Helps Assist Cancer Treatment
While royal jelly doesn’t help treat cancer, it can reduce the side effects of cancer treatments like chemotherapy. Some of these side effects include heart failure, GI problems, and inflammation.
According to studies, heart damage specifically was reduced with the use of royal jelly. In a small human study, it has also been found to reduce or prevent mucositis which is ulcers in the digestive tract.
When taken orally, studies have shown that chronic dry eye problems can be reduced with royal jelly. There have been tests on both animals and people that show that bee products can increase the number of tears produced.
Royal jelly has been shown to increase cognitive performance and increase lifespan when used orally. When rubbed onto the skin, it has been shown to increase elasticity and reduce wrinkles, creating skin that looks younger.
Additionally, royal jelly can increase collagen and protect from UV radiation exposure.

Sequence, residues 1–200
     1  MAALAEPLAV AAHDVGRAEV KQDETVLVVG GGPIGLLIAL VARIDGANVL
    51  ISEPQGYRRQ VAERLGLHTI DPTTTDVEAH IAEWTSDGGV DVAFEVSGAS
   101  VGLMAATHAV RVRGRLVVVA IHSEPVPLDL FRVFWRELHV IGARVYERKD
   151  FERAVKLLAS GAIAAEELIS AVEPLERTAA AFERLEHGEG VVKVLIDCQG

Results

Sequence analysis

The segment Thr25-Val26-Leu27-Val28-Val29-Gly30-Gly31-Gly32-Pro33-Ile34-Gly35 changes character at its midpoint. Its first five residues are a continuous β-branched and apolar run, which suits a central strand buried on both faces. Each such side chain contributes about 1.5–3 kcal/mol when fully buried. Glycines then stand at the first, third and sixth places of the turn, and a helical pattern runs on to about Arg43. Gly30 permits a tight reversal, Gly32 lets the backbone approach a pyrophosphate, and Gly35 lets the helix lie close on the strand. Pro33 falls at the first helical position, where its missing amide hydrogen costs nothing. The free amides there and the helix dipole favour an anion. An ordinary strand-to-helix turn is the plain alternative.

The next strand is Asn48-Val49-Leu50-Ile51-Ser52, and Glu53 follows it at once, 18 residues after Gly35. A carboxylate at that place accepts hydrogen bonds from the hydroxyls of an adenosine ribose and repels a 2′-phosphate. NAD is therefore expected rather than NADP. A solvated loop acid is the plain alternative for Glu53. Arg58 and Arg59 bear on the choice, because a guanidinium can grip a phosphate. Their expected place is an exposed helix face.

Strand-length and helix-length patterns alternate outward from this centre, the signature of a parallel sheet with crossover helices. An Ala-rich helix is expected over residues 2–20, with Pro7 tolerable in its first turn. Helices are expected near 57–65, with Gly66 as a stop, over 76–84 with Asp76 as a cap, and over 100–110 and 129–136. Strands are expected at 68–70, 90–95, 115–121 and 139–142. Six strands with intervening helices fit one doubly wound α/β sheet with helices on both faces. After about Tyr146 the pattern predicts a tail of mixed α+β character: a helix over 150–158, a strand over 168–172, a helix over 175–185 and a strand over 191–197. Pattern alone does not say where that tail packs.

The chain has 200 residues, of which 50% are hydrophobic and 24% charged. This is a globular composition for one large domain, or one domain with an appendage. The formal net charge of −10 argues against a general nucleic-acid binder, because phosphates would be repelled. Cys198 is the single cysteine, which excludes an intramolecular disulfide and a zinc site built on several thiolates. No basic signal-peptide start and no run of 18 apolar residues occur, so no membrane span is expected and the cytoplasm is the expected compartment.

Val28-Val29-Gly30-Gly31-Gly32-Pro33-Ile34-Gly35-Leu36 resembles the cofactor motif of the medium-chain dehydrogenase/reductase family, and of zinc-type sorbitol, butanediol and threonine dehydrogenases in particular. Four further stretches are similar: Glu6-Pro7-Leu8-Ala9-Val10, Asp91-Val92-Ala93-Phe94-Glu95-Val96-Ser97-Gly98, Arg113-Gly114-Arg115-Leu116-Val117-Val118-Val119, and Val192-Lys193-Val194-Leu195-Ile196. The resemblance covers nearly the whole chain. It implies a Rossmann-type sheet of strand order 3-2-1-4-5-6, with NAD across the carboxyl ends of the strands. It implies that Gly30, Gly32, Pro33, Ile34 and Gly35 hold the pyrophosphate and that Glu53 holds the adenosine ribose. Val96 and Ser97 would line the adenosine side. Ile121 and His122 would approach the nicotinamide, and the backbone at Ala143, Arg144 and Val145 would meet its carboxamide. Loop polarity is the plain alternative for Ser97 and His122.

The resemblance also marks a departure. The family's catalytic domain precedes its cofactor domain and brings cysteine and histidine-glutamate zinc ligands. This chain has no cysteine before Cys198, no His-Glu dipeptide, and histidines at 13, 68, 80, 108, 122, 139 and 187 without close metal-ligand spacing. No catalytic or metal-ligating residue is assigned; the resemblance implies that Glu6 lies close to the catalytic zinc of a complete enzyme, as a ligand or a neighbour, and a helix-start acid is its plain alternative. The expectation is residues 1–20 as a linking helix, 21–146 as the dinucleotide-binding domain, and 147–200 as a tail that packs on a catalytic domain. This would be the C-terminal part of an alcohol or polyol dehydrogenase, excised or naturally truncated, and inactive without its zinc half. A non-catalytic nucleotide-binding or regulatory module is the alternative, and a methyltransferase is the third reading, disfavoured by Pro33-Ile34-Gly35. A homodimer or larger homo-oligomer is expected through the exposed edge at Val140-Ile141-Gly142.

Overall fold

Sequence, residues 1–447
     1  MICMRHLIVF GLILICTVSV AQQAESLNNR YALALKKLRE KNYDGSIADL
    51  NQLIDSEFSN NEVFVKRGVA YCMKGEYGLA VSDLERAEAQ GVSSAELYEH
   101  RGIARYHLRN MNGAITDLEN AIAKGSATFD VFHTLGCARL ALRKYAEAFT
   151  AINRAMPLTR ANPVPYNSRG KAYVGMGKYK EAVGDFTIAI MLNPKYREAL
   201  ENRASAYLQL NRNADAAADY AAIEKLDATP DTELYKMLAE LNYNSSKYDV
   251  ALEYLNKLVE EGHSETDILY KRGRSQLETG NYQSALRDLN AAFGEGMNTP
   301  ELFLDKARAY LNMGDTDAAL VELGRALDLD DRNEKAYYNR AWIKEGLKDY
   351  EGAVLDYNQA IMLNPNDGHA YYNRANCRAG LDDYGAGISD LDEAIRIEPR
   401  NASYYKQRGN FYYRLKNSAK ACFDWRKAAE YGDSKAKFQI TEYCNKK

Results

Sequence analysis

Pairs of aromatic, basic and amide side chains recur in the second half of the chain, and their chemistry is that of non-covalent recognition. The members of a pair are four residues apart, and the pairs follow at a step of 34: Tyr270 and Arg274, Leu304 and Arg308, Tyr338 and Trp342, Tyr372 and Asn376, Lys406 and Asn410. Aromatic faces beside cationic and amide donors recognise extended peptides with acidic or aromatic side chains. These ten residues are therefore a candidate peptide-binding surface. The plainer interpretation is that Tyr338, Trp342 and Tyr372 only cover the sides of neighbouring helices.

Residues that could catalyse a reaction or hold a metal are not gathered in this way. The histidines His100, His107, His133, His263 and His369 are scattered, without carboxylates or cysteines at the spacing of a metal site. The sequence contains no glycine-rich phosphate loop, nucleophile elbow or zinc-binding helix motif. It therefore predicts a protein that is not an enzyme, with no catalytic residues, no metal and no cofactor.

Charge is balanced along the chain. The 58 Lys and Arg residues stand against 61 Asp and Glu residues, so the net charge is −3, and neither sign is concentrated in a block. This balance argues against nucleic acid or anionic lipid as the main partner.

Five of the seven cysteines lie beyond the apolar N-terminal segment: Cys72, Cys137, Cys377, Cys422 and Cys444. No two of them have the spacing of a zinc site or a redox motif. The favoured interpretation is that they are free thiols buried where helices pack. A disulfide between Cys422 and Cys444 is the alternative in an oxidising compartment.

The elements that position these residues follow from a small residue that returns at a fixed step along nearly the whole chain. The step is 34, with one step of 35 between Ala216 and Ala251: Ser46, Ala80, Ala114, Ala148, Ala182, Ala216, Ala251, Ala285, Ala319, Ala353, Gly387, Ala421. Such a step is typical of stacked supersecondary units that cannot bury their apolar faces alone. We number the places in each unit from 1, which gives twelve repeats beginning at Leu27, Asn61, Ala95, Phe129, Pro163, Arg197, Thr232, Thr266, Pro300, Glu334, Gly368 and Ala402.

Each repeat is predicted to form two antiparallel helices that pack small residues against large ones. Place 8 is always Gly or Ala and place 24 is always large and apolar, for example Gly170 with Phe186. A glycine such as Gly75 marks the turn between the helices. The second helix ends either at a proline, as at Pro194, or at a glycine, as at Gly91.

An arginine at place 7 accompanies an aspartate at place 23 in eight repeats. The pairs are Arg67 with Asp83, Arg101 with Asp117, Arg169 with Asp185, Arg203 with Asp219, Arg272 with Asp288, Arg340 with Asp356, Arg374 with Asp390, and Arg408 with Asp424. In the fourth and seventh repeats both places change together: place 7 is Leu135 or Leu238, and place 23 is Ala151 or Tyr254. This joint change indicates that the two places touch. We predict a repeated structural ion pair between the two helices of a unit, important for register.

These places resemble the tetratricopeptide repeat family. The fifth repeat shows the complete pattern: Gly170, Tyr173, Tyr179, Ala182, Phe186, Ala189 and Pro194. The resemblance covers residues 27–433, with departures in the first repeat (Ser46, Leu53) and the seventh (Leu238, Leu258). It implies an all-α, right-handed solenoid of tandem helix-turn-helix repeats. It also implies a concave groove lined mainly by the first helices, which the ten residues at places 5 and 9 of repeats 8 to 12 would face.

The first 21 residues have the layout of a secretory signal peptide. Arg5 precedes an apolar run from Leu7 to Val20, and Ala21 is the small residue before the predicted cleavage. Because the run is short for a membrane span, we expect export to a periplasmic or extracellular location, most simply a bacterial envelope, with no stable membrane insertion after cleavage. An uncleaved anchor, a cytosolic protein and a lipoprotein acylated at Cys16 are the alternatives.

Royal jelly has been found to help reduce depression and improve memory, specifically in rats that were postmenopausal in animal studies. However, it has also been tested on people, and it has been found to also have beneficial uses for anxiety and back pain.
For these tests with people, about 800 milligrams daily were given.
Ways to Take Royal Jelly
There are a few ways to take royal jelly. You can take it as a dietary supplement, which is usually in a powder, capsule, or gel substance. You can also apply it topically. It is found as an addition to a couple of skin-care products but isn’t super available yet.
Since it is not an official medication or health supplement, there is no specific dosage for royal jelly. However, most people tend to find anywhere between 300 and 6,000 milligrams daily is a good amount.
Side Effects of Royal Jelly
Most of the side effects of royal jelly relate to allergies. If one has allergies to bees or bee products, they should avoid royal jelly. Hives, asthma, and even anaphylaxis are possible. Additionally, many people tend to be more allergic to royal jelly than other allergens of bee products. So even if you don’t think you are allergic to bees or their byproducts, it is best to take royal jelly with care.